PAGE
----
Brett was one of those people we see nearly every day on our city streets. Unemployed, homeless, and alone. He grew up in Perth, Australia, and was five when his father abandoned the family. His father stumbled back home one night after drinking, and he was met by his wife’s new boyfriend.

“And there was a scuffle that occurred,” says Brett. “He was intoxicated. And he was pinned down by this other man. And I remember just looking at my dad and feeling hurt that my dad was defeated. No one is supposed to be able to defeat your dad. If the guy who was my dad was so easily beaten, then who? Who’s going to be there?”

The boyfriend was abusive to Brett and his sister, and he eventually left, too. Brett got a job to support the family. But it never felt like enough.

“This purveying knawing sense that something is wrong. And you are wrong. You’re bad. And everything that happens around you is bad.”

When Brett was 16, his mother gave him a keyboard, and music became his escape.

“And I felt this whoosh on the inside of me. This level of excitement, this breathlessness that I can remember putting it akin to being on a roller coaster. Just that rush that happened. And if it makes you feel this way, then if I can just bottle that feeling, and then give it to other people, I’ll have some worth.”

He taught himself to play several instruments and formed a band. In 1991, he moved to the United States, hoping for his big break.

“Fame and fortune meant to me, it wasn’t about the drugs or the alcohol, it wasn’t that, it meant that I would finally have a platform to be accepted. That I would be in a place where people would love me and I would feel okay about myself if people loved me.”

Brett joined a cover band and found some success. He got married, but the relationship was unstable and after years of constant fighting, Brett had an affair.  

“And I was driving back thinking, ‘What have you done?’ You wanted to hurt me as a kid, all you had to say was, ‘You’re just like your father.’ And I just realized I have become the monster that I never wanted to be.”

When Brett’s wife discovered the affair, she made him quit music and sell his instruments. She even destroyed his original music.

“And I thought I deserved it. It was a dreadful, out of control feeling. And it was in the middle of that dreadful, out of control feeling that I woke up one day with this sense of get to the Bible. We had never – I didn’t know we had a Bible. I’d never read a Bible. I’d like to say it was such a safe place of comfort. It was not a safe place for me. Because it was dealing with who I was. I spent seven months on my face weeping before this Book, begging for forgiveness. Begging for healing.”

Then one morning, Brett received the answer he had been longing for.

“That morning, I was standing in a basketball court, the gym where I spent so many mornings praying, seven months praying, crying out. And I was looking up at the ceiling and I said, ‘What else do You want from me? There’s nothing left.’ And all of a sudden, fire came upon me. It had the sensation of fire but it didn’t hurt.

And I’m feeling something happening on the inside. I’m feeling life enter. And I was so filled with fire to find out that He was real, that I wanted to run everywhere I could and bang on every door and tell them that He is risen, He’s alive, He’s real, He’s real, He’s real.”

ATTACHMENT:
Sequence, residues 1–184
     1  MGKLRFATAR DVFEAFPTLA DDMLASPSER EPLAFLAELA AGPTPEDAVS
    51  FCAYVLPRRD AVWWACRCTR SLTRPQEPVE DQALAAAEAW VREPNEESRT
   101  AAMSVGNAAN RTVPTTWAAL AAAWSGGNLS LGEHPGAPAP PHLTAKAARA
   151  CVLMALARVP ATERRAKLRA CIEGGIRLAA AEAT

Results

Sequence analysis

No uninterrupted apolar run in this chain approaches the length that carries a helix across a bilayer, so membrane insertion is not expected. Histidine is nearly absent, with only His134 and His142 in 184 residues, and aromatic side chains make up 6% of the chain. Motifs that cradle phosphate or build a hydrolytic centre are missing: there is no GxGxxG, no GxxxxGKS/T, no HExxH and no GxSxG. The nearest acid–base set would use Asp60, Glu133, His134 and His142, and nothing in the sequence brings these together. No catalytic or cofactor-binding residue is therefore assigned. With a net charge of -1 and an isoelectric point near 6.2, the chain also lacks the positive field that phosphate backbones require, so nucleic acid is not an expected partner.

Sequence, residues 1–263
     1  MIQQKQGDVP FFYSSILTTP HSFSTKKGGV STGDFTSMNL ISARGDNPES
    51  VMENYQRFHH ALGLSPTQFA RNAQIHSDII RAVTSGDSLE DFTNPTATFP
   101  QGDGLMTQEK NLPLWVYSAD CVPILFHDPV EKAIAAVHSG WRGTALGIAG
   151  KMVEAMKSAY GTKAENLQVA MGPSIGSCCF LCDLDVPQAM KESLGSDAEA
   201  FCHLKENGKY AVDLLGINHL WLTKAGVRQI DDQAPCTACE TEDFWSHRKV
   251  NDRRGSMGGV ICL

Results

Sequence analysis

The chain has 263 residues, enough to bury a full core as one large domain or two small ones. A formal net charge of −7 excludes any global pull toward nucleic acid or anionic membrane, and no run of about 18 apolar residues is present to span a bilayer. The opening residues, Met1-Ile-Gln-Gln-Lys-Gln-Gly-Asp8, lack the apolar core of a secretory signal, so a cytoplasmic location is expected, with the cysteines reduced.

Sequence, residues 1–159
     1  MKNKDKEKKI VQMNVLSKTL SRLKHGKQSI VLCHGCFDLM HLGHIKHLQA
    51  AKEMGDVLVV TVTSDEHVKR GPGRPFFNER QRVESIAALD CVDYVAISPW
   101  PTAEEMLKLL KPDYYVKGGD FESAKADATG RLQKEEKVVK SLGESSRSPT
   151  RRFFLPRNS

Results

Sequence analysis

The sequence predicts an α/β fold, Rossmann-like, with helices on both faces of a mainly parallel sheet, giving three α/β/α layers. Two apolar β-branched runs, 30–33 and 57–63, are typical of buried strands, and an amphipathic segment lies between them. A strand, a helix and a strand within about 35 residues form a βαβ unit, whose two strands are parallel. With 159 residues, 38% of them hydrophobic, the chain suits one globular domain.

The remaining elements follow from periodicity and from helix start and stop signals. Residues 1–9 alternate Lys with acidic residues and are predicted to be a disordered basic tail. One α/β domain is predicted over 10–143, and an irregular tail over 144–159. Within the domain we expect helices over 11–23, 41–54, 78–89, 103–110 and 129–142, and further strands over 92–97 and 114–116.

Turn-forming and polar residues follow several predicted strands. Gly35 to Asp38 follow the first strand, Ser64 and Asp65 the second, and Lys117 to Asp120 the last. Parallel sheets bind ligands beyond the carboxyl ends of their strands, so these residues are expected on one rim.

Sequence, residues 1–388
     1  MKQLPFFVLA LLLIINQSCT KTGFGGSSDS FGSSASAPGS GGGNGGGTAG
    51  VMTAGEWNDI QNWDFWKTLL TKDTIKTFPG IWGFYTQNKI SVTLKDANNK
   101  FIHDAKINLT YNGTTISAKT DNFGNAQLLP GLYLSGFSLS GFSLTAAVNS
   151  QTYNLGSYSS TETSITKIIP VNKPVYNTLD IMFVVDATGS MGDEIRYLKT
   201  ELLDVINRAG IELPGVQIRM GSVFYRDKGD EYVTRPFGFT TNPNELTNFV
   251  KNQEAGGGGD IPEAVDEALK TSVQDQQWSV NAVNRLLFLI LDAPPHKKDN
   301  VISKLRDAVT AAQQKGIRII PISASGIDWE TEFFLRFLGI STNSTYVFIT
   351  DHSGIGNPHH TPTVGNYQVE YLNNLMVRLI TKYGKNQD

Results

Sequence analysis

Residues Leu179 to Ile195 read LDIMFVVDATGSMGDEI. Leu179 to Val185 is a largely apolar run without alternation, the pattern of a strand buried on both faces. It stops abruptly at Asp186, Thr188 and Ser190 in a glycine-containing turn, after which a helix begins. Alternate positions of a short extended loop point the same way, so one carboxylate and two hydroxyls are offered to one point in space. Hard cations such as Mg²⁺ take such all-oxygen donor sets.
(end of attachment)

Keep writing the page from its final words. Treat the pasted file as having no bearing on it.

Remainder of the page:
He surrendered his life to Christ and was filled with the Spirit. He believed God wanted him to move to Nashville and he boarded a Greyhound bus the same day his wife served him divorce papers.

“I spent the night in the Greyhound, and the Bible became my blanket and my pillow. In the morning I meet a homeless guy. He says there’s a mission just around the corner. I go around the corner. I was so jazzed. And I walk through the front door and I see the dirt and I see the hopelessness and I see everything that you think about homelessness. And I thought, ‘What are You doing, God? I’m going to die here.”

Brett was homeless for four months until he met chef Thomas Oglesby, who was serving meals at The Nashville Mission. The chef told Brett about a job opening at his restaurant, Flemings.

“When I came in that next day, I saw him in the kitchen,” says Thomas. “And it surprised me because I didn’t think he was going to show, which he did. And after that, he kept—he asked me a lot of questions and I gave him a lot of answers about the kitchen. And he just took it off from there.”

“Within a few months, from entry level cook and day cleaner, they offered me the keys to the restaurant,” says Brett. “A little while later they’re starting to fly me to different parts of the country to train up opening crews for brand new Flemings stores, and eventually I became second chef in charge of the Nashville store.”

He worked at Flemings for eight years. In 2014 he opened his own restaurant, “The Cookery”. He employs as many men from the mission as he can, and trains and certifies them as cooks.

“It wasn’t just about taking care of people’s needs anymore. It had to do with restoring hope. And giving them a sense of dignity through their own gifts – and hope restored is a very awesome thing.”

Brett married Merari in 2011, and together they run the restaurant and two discipleship homes.  They also feed the homeless of Nashville every Saturday. But the greatest gift he offers is the hope he’s found in Jesus Christ.

“I was taken from darkness to light. And to someone who doesn’t know how dark it can get, it’s hard to say. But to someone who is experiencing something like this, the word “safe” glows golden. And He is real. He is hope. He is life. He is forgiveness. He’s restoration. And He is everything He says He is.

 

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